“I think we just blew our amp up!” giggled guitarist Duncan Robertson; whilst the amp was being replaced, the band organised ‘The Wall of Cuddles’ for the audience which involves forming two lines and then running into each other and cuddling, another activity that took place in the tent was ‘Name That Tune’ where the band launched into the beginning of TV theme tunes and inviting the audience to guess what they were. Drummer / singer John Ballie Junior applauded the audience for this and said that ‘they haven’t done it for ages and it was the best one he’d seen.’
The Rumble Strips’ music is something totally different to anything at the festival. They have all the basics : a singer, a bass player and a drummer, plus saxophone player and a trumpet player. Not your usual indie is it? The band kicked off with ‘Girls and Boys in Love’ which saw frontman Charlie Waller, who probably enjoyed the festivities a bit too much and forgot he was due on stage, do some peculiar things, such as run up to the barrier to announce the band had come on stage. Drunk or not, the band pulled off a stunning performance playing most material from their debut album ‘Girls and Weather’ and a few tracks from their new album ‘Welcome To The Walk Alone’. The usual tracks from the bands past sets returned such as ‘Alarm Clock’ and ‘Time’.
I had been looking forward to Paul Weller’s set ever since I got the green light to cover the festival. Every day at school it would be
“I’m shooting Paul Weller at The Hop Farm Festival on the 5th July!!” which eventually ended in only six photographers from major newspapers/agencies being granted access to the pit. Major bummer, but nevertheless, photographers who were not picked ‘protested’ by taking photos from the crowd anyway. From what I thought, his set was pretty standard for someone my age, but maybe more enjoyable for a person who had seen The Jam or The Style Council in their heyday. The biggest cheers aroused when Jam classic ‘The Eton Rifles’ and The Style Council ‘Shout To the Top’ were played. The former Jam / Style Council frontman then went and sat behind a keyboard before performing a beautiful ‘You Do Something To Me’ but to my disappointment there was no ‘Broken Stones’ and after the tone had been brought right down, it shot back up again with a fantastic solo song ‘From The Floorboards Up’.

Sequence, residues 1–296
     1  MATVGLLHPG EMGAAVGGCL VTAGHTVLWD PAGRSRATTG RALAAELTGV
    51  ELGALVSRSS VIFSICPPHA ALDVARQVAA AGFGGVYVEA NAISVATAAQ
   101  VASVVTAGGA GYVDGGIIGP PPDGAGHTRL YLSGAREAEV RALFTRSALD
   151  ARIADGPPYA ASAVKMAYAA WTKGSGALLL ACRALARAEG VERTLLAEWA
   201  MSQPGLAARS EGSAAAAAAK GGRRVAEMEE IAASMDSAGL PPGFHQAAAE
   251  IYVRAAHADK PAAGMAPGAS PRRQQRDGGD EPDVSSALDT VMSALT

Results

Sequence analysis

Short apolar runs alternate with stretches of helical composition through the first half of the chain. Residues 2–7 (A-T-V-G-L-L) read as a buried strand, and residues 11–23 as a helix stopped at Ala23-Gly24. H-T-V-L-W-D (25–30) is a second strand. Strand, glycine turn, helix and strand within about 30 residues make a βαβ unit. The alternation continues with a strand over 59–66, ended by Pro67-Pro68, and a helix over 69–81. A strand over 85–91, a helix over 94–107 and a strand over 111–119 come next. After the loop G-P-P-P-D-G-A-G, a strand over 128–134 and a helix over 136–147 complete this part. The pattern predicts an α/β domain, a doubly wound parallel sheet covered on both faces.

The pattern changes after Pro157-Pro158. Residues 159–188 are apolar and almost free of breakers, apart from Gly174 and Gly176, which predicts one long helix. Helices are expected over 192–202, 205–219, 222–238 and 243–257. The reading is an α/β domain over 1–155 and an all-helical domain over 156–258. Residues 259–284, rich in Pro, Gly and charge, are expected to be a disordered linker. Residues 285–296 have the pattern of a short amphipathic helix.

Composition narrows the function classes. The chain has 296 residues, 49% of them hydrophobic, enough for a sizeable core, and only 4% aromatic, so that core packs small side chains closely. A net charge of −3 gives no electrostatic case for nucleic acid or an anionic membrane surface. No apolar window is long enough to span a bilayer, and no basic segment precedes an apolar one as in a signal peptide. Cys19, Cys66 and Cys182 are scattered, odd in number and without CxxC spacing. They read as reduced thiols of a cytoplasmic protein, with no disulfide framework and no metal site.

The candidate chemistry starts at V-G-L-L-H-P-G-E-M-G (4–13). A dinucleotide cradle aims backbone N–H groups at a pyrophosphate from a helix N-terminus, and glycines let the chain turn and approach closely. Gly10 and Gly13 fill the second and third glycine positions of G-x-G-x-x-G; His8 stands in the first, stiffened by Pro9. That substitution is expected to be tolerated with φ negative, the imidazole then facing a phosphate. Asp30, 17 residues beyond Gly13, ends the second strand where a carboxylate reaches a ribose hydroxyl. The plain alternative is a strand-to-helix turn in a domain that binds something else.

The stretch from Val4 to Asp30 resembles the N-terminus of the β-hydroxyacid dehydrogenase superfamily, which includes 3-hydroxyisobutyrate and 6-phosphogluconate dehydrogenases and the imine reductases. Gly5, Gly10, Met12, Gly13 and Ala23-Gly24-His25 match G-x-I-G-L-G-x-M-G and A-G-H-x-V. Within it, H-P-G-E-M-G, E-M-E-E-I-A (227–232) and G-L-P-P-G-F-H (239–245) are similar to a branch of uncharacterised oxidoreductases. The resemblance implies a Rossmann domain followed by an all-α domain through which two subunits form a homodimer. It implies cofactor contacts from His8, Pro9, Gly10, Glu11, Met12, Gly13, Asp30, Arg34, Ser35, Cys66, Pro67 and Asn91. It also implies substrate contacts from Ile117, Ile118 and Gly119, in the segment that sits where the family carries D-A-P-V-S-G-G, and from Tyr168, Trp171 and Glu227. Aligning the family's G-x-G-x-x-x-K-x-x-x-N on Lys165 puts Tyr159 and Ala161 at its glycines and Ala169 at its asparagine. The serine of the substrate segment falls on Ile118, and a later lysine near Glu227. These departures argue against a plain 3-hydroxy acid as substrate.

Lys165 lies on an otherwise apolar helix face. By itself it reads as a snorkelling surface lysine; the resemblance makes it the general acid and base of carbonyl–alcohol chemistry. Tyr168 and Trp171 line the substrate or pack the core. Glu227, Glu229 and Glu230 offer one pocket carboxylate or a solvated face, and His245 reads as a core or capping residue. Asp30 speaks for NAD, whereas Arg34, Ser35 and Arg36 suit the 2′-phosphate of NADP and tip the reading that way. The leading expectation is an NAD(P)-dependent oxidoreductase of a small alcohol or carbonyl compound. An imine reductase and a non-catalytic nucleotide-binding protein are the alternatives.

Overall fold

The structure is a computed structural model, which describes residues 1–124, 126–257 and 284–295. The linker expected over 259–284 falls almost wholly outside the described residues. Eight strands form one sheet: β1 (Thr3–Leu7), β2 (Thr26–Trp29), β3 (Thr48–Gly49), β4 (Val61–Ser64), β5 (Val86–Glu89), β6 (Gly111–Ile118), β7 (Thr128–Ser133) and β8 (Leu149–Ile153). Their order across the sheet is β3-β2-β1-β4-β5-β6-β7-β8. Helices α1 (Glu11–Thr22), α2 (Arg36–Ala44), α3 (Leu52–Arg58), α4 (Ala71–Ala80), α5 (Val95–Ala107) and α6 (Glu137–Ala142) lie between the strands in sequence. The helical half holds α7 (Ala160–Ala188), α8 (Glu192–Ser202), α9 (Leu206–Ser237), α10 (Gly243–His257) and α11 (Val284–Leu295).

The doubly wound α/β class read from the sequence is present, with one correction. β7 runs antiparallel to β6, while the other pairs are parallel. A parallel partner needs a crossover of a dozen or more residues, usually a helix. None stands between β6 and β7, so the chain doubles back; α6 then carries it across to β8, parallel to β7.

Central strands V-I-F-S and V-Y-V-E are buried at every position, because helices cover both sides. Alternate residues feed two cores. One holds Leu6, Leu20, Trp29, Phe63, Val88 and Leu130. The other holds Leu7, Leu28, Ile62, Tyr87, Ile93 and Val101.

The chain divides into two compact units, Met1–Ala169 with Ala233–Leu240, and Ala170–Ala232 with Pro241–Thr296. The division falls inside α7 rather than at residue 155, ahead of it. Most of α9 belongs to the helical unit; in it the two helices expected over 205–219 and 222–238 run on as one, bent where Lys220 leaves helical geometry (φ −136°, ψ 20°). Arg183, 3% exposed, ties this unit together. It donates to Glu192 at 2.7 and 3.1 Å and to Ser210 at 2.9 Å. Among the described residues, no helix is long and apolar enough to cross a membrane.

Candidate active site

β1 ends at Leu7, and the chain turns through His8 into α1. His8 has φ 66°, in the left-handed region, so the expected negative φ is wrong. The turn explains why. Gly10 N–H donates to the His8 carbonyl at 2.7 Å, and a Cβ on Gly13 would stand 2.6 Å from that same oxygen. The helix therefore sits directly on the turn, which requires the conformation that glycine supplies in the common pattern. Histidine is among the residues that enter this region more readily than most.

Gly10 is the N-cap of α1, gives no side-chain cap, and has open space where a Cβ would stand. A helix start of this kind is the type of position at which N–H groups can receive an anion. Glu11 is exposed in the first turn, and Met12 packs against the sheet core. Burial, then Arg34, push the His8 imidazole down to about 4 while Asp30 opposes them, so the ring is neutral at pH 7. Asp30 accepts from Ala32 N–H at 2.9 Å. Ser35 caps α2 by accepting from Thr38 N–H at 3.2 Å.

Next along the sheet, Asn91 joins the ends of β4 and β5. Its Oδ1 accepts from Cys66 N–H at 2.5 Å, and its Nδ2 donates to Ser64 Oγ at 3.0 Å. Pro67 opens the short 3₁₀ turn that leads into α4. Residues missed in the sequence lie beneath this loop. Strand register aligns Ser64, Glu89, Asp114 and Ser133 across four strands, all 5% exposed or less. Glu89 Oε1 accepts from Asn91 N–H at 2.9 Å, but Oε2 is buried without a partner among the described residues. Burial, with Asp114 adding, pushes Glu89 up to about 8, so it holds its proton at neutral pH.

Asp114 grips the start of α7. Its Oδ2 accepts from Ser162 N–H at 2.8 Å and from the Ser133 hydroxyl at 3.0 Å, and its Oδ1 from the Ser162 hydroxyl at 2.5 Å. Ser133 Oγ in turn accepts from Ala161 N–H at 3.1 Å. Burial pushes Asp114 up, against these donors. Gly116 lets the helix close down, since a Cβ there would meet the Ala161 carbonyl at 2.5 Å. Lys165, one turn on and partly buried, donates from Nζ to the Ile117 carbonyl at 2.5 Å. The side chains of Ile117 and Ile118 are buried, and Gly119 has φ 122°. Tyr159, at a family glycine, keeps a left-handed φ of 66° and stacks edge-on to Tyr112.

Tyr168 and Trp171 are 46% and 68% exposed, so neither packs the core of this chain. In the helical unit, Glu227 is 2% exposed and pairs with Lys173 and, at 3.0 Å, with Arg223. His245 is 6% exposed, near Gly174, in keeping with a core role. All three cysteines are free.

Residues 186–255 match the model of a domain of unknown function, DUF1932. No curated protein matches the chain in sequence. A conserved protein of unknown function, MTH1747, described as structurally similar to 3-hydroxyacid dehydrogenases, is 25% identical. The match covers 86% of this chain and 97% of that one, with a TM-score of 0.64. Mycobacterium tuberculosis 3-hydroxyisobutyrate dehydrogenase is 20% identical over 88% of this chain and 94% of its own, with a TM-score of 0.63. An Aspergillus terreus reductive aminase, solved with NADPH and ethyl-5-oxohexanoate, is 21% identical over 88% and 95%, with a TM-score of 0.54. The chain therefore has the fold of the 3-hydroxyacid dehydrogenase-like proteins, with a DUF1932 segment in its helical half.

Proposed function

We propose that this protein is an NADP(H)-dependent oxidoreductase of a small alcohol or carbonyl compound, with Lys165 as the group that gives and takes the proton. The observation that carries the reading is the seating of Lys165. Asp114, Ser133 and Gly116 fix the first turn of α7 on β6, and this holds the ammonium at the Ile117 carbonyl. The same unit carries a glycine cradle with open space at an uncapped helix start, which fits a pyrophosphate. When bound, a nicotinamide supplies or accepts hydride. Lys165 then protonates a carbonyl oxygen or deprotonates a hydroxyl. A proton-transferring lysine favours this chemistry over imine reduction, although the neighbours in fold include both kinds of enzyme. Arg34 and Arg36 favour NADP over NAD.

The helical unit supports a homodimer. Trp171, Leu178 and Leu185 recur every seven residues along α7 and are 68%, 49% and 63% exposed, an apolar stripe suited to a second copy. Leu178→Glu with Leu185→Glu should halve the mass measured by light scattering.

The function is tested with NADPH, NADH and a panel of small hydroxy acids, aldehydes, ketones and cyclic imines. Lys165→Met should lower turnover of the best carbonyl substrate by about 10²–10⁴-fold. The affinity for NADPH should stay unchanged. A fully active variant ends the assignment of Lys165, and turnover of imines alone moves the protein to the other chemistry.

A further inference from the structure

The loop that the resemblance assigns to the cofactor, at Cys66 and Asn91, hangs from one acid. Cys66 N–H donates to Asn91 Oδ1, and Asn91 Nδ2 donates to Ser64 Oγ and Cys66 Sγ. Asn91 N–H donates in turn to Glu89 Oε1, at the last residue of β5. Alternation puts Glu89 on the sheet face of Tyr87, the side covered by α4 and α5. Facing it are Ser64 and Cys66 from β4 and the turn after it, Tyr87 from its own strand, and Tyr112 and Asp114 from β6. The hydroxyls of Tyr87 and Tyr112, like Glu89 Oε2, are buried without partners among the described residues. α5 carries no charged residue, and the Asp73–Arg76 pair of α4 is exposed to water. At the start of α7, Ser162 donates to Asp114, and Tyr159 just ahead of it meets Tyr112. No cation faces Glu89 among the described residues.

Earlier in the day, whilst walking back from seeing Dananananaykroyd, a game of ‘celebrity’ (as in Big Brother standard celebrities) 5-a-side football was taking place and the commentator had said a ‘very special guest’ would be joining Mr. Weller on stage. Who could it be? Speculation mounted as recent collaborations that he had been involved with had been with Oasis guitarist Noel Gallagher on solo single ‘Echoes Around The Sun’ and The Who legend Roger Daltrey who performed with him at some of his UK shows. Bets were down and I had opted for Gallagher. Though I was wrong, it was very exciting when Daltrey came on after the first encore to do Who classic ‘Magic Bus’ and then, to end ‘Town Called Malice’.
Overall, it was a fantastic weekend of music and music lovers. I thoroughly enjoyed myself, the weather was fantastic and it was overall a very positive atmosphere. I can only hope that next years’ Hop Farm Festival will be even better!
© Lauren Towner, Music Vice